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December 18, 2004

Disputes Grow Around Kosovar Prime Minister


by Jim Lobe

BELGRADE - How did Slobodan Radosevic die after being abducted from his home five years ago? For the Radosevic family this is a question about closure of grief. For Serbian prosecutors it is one of 108 charges against now Kosovan Prime Minister Ramush Haradinaj. For all of Serbia and Kosovo, it could be a matter of their political future.

Haradinaj (36), an ethnic Albanian from Kosovo, has been charged by Serb authorities with crimes against humanity and armed rebellion in the southern Serbian province Kosovo in 1998-99.

Haradinaj was then a commander with the Kosovo Liberation Army (KLA), an armed group that rebelled against Serb security forces and direct rule from Belgrade. Serb authorities called KLA members "terrorists". For Kosovo Albanians they were, and remain national heroes, regardless of what they might have done.

The KLA did not just attack Serbs, but also ethnic Albanians and others seen as Serb collaborators. More than 1,200 are still missing since 1999.

Earlier this month the controversial Haradinaj became prime minister of Kosovo, which is still a part of Serbia but under United Nations control. His Alliance for the Future of Kosovo party ranked third in the elections but formed a coalition with the Democratic Alliance of Kosovo to run the government.

Haradinaj now faces his own declarations besides evidence from the families of victims of KLA violence.

In a book he wrote called 'Stories of War and Freedom', Haradinaj said "we (KLA) constantly attacked Serb forces. At any place. During the day and during the night. Without hiding. Each and every day we killed Serb policemen..."

In his acceptance speech to parliament he said: "I am proud of the part that I played in protecting my people. I am ready to defend my record against criticism and innuendo."

UN administrator Soren Jessen Petersen declared he was "impressed with Haradinaj" and his commitment to the democratic future of Kosovo. "The next 12 months will be crucial in determining the future of Kosovo," he said. "The work of the parliament, the government will determine whether Kosovo succeeds or fails."

Albanians were victims of Serb repression for years, but their ordeal ended after11 weeks of North Atlantic Treaty Organisation (NATO) bombing of Serbia and withdrawal of Serb security forces from Kosovo in 1999. The UN was given the mandate to run the province and introduce democracy.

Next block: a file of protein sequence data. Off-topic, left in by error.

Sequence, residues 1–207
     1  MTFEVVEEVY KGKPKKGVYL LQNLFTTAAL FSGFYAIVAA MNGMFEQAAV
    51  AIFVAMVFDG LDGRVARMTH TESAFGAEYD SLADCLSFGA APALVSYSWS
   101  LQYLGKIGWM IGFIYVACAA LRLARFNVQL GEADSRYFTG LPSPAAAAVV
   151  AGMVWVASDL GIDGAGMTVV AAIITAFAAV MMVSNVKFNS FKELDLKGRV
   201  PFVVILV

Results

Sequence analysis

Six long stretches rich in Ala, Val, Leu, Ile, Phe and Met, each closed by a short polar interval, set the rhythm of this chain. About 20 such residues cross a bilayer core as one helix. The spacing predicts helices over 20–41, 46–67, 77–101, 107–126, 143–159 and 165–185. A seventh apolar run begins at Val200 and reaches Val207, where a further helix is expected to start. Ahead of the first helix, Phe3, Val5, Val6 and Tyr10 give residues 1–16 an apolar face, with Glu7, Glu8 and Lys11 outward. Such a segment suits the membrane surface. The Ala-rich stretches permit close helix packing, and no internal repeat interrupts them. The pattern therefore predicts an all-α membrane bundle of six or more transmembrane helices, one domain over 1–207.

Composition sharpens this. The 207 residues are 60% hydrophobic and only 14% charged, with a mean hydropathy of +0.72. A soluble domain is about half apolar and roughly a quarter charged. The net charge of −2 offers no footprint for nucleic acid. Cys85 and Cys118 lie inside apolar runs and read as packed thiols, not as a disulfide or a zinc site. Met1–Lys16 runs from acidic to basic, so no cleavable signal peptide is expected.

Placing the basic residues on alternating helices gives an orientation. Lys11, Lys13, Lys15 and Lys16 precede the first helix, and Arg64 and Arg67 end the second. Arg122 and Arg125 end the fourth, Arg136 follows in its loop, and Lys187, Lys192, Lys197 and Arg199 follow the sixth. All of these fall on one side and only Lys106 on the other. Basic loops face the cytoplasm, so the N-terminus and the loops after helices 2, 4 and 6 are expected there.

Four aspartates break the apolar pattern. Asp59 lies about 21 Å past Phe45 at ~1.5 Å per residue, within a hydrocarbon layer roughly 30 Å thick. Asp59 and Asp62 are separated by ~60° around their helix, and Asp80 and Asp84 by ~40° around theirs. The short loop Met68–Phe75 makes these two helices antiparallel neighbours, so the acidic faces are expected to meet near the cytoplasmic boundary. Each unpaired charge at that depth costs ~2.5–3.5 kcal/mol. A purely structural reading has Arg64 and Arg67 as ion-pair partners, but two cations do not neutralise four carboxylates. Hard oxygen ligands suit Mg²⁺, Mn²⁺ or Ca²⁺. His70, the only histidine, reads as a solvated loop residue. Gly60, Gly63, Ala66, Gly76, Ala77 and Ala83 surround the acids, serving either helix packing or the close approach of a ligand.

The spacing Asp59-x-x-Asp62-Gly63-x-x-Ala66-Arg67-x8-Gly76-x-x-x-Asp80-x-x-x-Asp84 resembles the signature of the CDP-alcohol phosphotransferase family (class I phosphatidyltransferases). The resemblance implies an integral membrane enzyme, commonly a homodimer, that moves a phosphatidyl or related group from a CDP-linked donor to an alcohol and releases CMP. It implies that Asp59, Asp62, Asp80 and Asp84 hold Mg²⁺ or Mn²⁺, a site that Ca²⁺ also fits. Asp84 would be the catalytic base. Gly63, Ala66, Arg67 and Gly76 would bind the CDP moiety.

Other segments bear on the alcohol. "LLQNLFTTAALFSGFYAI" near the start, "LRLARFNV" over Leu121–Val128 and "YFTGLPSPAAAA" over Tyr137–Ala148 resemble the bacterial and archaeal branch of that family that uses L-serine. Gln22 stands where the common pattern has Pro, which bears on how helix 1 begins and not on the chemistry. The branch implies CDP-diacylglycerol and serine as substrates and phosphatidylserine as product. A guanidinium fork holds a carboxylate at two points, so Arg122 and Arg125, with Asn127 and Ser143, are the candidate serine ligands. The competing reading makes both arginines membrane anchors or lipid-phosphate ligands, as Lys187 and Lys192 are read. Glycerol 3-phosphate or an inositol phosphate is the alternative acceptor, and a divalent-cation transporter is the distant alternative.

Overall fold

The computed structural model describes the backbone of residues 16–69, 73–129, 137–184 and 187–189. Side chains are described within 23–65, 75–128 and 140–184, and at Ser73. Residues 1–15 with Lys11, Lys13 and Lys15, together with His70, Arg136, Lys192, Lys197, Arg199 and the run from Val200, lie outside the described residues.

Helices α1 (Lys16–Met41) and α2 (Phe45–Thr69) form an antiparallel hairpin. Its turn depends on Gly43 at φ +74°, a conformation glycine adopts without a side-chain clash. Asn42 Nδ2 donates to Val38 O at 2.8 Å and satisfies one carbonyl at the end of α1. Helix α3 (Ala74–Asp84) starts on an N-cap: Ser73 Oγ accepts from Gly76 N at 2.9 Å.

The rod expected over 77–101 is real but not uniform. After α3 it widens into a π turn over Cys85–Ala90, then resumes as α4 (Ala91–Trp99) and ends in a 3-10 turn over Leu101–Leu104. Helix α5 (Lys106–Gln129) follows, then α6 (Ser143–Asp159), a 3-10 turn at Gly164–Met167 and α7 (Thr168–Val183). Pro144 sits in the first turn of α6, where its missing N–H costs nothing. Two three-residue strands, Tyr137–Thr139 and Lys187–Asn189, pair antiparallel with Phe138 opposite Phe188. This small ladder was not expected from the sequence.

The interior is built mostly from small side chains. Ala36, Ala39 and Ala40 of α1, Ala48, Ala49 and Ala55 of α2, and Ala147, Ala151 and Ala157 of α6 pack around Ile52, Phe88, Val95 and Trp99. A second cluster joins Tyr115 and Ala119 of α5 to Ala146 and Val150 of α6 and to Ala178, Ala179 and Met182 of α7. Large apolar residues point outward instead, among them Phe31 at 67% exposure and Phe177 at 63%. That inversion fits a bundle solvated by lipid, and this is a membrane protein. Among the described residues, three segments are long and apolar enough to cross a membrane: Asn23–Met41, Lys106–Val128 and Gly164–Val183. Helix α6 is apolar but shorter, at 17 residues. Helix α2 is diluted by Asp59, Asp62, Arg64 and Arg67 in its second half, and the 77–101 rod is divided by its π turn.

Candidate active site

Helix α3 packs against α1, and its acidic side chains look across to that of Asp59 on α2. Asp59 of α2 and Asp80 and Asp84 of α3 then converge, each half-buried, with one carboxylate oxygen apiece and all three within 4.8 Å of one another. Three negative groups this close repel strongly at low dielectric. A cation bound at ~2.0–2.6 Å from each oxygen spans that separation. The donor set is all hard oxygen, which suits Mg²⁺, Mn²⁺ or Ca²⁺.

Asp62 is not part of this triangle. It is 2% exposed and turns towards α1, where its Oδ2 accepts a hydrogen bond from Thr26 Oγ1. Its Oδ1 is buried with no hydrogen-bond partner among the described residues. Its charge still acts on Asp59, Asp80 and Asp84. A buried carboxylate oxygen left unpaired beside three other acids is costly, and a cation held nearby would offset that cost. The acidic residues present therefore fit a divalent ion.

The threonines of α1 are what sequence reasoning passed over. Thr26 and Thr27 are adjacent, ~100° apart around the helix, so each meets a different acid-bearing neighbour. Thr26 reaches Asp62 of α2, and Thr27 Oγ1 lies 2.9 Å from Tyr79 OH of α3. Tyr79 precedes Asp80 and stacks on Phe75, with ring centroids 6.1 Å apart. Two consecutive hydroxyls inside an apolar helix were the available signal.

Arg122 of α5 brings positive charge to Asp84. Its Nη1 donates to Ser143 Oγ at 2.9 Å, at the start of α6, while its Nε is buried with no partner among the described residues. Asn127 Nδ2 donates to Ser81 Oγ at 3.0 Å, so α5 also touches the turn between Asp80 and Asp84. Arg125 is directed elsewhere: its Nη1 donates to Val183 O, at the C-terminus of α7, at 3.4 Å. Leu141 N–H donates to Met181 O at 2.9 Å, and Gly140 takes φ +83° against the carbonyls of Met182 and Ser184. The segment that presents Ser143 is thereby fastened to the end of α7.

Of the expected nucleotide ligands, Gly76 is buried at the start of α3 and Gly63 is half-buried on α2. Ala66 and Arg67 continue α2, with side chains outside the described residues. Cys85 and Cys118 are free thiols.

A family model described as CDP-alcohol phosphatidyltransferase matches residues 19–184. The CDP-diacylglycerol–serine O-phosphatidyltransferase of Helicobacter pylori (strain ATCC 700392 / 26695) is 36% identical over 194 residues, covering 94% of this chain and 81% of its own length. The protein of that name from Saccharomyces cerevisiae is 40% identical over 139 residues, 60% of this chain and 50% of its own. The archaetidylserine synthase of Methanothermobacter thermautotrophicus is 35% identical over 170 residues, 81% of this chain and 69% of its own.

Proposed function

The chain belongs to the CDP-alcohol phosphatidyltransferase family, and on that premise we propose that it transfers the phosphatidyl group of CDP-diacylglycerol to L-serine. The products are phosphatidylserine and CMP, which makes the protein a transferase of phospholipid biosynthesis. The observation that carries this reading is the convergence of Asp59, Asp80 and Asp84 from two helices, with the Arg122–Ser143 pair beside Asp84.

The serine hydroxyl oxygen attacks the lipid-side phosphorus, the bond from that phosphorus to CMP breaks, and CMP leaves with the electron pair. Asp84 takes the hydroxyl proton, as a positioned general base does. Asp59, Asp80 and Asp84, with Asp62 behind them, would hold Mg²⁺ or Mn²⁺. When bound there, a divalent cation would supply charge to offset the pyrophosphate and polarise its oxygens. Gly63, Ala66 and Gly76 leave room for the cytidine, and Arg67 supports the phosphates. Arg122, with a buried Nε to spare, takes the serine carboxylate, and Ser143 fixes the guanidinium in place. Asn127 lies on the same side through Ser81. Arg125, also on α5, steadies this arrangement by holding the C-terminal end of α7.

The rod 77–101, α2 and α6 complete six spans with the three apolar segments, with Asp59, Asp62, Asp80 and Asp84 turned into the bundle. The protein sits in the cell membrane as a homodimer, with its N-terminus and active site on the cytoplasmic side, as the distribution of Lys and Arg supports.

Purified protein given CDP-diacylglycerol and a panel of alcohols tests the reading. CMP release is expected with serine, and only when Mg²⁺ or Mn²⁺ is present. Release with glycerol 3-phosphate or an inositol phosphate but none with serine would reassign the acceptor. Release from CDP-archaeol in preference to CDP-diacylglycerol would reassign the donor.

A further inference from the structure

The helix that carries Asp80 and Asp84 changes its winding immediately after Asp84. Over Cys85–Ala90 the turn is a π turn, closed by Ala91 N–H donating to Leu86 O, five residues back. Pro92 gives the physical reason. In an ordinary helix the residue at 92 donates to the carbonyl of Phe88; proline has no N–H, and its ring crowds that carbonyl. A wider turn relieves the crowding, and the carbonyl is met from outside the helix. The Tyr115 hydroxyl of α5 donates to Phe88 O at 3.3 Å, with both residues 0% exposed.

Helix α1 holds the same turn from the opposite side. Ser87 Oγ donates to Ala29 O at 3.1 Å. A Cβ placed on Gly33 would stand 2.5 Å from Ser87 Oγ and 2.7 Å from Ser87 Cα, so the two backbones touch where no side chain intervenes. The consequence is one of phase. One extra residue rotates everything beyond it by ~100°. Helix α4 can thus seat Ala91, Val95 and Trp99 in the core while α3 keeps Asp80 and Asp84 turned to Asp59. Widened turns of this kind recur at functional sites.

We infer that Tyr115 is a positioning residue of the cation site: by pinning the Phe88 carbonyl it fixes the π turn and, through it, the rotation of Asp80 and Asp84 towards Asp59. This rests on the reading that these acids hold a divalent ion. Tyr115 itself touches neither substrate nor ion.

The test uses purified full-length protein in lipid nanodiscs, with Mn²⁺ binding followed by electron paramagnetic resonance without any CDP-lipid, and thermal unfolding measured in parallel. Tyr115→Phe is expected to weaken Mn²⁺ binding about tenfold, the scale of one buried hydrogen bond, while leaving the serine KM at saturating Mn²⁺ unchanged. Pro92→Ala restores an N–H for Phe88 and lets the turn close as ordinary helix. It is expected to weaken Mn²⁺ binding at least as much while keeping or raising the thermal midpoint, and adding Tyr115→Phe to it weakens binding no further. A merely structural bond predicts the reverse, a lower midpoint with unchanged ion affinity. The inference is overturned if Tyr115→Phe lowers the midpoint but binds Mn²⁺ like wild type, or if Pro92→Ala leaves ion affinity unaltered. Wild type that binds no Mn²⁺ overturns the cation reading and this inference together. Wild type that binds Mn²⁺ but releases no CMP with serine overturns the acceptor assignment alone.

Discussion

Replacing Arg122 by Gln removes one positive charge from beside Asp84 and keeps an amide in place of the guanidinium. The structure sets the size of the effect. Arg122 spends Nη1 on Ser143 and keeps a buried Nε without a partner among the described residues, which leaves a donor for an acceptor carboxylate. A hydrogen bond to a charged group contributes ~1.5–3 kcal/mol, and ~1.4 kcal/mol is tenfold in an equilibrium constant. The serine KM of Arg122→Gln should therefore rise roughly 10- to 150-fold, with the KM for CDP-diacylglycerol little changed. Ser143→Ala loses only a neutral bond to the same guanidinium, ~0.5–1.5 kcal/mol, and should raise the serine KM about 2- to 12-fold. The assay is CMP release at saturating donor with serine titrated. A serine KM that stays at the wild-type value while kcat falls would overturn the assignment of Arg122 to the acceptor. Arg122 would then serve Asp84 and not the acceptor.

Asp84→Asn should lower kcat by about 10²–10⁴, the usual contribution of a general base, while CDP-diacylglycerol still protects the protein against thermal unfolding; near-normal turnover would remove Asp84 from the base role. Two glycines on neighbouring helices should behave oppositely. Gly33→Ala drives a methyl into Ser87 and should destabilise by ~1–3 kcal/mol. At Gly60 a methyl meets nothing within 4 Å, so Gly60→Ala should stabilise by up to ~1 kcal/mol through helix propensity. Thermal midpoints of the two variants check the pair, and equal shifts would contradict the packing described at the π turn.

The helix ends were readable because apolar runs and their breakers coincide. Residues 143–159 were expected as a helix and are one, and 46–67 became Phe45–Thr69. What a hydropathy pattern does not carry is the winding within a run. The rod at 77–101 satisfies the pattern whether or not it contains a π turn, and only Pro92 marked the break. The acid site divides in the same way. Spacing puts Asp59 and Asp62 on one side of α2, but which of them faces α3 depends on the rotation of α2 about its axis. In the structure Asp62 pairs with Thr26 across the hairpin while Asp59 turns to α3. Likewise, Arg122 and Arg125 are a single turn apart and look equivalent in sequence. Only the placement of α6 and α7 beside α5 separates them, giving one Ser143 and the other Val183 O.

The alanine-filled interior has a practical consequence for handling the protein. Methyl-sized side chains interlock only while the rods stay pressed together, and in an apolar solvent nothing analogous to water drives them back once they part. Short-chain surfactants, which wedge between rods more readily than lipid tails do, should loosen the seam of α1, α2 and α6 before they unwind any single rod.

The future of the province will be discussed by the end of next year. Serb and Kosovan governments and representatives of the international community will be involved in the negotiations. Kosovo has a population of about two million ethnic Albanians and some 90,000 Serbs.

But the controversy around Haradinaj could endanger and complicate any talks.

After an emergency meeting last week, Serbian Prime Minister Vojislav Kostunica described Haradinaj's election as "a political provocation". He called on the UN to annul the election of Haradinaj, which the UN administration has the power to do.

"A man who carries a heavy burden of crimes committed both in war and peace was elected the head of government," Kostunica said. "That could have a decisive influence on the situation in Kosovo and the whole region."

Serbian authorities are firm in their stand against Haradinaj, particularly after it was revealed that the UN-founded International Criminal Tribunal for former Yugoslavia (ICTY) investigators talked to him last month. The details of the talks were not disclosed.

The ICTY has made no statement about Haradinaj. But diplomatic sources in Belgrade told IPS that an indictment against Haradinaj could be ready in the near future. The ICTY has already indicted three ethnic Albanians for war crimes in Kosovo.

Last week NATO delivered a stern warning to Haradinaj and his supporters against any violent reaction if he is indicted for war crimes.

NATO Secretary General Jaap de Hoop Scheffer said any misbehaviour would not be tolerated if the ICTY charged Haradinaj with crimes against Serb and other civilians. NATO has some 20,000 troops in Kosovo.

In an outbreak of ethnic Albanian violence against Serbs in March this year, 19 people died and hundreds of Serb homes were burnt down. Haradinaj was blamed for organising the clashes, as NATO peacekeepers were caught off guard.

"Let us hope nothing similar happens if Haradinaj gets indicted," former Serbian justice minister Vladan Batic said at a recent press conference. "The province should not once again become a tinderbox of the Balkans after the sour experience in the past."


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  • Jim Lobe, works as Inter Press Service's correspondent in the Washington, D.C., bureau. He has followed the ups and downs of neo-conservatives since well before their rise in the aftermath of the September 11, 2001 attacks.

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